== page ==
ORLANDO, Fla. —
A new study suggests American adults have sharply increased their consumption of alcohol during the pandemic.
The study conducted by the RAND Corporation compared alcohol use in the spring of 2019 to 2020.
Overall, adults are consuming 14% more alcohol. Among women, there’s been a 41% increase in heavy drinking and one in five women are having one additional day of heavy drinking every month.
Paul Pellinger, a Fort Lauderdale addiction expert, says it’s concerning how many people are seeking to ease their pain and isolation by turning to alcohol.
“It’s very easy to rationalize, ‘Hey, listen, I’m dealing with this anxiety, fear of the unknown, what’s going on the country right now.’ It would make sense to drink,” Pellinger said.
Pellinger says turning to alcohol comes at a cost.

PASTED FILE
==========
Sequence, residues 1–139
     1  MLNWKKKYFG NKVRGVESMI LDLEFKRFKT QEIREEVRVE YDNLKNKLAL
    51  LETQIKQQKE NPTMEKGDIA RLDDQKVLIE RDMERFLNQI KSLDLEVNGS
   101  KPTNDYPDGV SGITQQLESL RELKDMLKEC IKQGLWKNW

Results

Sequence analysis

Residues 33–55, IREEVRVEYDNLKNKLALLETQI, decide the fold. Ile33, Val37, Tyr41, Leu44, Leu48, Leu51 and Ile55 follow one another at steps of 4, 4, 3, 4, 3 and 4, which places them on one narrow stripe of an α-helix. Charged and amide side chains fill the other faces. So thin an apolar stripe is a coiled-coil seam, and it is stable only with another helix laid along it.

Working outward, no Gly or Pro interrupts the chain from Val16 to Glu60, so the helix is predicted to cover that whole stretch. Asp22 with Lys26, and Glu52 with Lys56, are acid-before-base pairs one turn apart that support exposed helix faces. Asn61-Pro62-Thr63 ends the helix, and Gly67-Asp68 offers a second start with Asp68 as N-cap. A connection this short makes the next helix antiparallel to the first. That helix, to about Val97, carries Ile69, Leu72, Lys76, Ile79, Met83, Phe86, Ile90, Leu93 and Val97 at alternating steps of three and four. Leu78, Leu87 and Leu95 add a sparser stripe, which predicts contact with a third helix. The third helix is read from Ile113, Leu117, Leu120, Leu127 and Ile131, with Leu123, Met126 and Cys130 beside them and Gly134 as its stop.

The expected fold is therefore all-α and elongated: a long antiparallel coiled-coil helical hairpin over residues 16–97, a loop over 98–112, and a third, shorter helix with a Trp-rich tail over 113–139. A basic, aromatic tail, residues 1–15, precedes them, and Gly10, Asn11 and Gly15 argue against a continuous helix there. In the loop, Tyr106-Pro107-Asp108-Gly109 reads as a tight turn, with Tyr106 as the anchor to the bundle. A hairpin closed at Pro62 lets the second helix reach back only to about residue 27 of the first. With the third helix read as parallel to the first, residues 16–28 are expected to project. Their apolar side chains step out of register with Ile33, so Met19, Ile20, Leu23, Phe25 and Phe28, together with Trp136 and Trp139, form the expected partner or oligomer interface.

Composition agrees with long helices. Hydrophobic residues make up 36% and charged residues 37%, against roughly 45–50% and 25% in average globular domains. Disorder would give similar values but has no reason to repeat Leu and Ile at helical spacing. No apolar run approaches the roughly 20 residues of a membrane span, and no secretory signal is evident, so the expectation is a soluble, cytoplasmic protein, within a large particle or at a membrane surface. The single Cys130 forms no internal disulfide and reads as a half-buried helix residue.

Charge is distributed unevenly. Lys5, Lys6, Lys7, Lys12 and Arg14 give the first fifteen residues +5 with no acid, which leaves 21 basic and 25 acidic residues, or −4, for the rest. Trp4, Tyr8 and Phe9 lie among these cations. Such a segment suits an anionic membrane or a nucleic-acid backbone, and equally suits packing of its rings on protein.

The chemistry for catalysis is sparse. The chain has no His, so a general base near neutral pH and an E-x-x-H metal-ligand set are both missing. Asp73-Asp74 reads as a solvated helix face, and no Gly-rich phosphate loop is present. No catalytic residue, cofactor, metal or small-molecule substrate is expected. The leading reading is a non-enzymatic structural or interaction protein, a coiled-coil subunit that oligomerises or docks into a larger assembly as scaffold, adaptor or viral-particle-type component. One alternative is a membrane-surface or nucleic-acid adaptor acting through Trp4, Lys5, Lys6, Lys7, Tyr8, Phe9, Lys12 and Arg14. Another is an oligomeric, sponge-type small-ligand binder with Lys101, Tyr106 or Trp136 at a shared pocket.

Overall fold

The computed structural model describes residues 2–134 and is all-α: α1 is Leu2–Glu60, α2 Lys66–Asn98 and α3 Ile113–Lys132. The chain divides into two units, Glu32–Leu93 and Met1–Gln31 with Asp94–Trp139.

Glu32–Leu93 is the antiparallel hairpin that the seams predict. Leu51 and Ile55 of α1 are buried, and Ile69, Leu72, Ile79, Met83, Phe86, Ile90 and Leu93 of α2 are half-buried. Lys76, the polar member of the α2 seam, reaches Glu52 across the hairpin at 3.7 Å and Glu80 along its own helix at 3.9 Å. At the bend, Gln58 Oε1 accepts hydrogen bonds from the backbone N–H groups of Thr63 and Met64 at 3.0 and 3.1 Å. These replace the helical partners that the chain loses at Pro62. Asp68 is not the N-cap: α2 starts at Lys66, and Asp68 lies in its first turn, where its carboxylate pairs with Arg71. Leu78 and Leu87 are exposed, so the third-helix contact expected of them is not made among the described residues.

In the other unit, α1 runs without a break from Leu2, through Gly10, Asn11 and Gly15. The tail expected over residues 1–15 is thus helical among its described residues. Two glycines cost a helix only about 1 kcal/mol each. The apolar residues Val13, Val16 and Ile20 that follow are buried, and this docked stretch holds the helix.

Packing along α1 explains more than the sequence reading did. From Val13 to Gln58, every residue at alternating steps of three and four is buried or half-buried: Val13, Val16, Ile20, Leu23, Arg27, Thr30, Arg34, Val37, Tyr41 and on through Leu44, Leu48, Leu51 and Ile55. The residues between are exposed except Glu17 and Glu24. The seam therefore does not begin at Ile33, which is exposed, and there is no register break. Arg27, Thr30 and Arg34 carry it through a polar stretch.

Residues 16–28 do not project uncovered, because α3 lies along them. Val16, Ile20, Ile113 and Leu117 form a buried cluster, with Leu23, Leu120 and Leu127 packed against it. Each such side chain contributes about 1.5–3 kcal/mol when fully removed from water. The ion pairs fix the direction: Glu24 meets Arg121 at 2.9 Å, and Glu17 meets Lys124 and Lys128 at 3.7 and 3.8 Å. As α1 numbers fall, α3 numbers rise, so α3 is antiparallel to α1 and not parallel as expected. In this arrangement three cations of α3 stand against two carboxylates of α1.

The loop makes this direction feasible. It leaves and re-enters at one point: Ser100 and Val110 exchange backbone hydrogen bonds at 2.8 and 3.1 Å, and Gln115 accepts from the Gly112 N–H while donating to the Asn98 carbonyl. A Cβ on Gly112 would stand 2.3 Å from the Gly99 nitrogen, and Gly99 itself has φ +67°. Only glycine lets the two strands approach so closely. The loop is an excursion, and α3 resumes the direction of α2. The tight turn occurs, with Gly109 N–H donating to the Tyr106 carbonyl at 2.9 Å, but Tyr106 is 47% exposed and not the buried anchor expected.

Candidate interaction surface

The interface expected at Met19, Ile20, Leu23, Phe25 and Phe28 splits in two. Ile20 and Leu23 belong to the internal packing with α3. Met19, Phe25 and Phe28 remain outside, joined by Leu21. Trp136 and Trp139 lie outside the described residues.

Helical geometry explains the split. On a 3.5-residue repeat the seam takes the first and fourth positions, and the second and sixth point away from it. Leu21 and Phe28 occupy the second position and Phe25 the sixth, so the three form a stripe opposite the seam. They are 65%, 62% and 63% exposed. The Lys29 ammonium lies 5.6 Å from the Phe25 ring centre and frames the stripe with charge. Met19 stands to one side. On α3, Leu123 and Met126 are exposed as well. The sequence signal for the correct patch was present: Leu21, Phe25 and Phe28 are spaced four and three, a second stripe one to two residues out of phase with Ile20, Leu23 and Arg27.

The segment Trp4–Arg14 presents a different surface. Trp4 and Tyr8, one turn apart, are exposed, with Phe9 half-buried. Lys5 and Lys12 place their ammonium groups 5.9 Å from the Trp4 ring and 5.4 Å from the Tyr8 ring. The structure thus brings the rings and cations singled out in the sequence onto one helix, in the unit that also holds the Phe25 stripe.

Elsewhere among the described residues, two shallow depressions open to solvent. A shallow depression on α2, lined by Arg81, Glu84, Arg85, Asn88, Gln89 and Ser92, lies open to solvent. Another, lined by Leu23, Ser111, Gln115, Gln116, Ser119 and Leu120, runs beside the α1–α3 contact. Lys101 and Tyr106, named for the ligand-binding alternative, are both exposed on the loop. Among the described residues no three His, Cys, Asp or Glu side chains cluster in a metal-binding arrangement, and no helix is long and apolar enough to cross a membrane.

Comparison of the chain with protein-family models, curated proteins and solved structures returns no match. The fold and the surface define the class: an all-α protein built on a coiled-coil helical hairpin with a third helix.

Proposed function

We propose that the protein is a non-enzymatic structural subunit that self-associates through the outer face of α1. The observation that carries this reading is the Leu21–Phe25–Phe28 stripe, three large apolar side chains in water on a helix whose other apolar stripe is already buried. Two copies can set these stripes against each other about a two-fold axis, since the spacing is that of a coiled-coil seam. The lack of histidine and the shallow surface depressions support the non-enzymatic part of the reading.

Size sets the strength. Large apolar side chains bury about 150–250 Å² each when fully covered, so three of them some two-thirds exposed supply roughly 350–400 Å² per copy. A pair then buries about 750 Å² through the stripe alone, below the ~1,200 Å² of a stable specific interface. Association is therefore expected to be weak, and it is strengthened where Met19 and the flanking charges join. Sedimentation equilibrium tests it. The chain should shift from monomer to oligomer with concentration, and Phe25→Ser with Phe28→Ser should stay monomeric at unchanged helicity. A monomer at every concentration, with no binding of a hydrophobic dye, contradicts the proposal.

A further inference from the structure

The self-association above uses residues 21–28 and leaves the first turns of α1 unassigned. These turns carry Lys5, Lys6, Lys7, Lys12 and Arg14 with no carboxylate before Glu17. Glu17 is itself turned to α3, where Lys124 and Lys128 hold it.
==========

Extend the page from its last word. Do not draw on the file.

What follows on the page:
“If you have a problem with anxiety and fear surrounding the pandemic or just life or life on life’s terms and you start to drink, and doing it abusively, now you have two problems,” Pellinger said.
Pellinger says it’s helpful to determine if a person’s drinking is creating consequences in their life.
“Are you hiding it? Are you minimizing the use? Is there a certain frequency going on? Are you using it to self-medicate or deal with other issues?” Pellinger asked.
The CDC defines heavy drinking for women as eight or more drinks per week and for men as 15 or more drinks.
If someone fears they are developing an alcohol problem, Pellinger suggests finding ways to experience peace and gratitude like listening to music or exercising.
“Imagine if you could get those good feelings from within rather them seeking an external stimuli you would not need to drink to cope because you would be, let’s say content,” Pellinger said.
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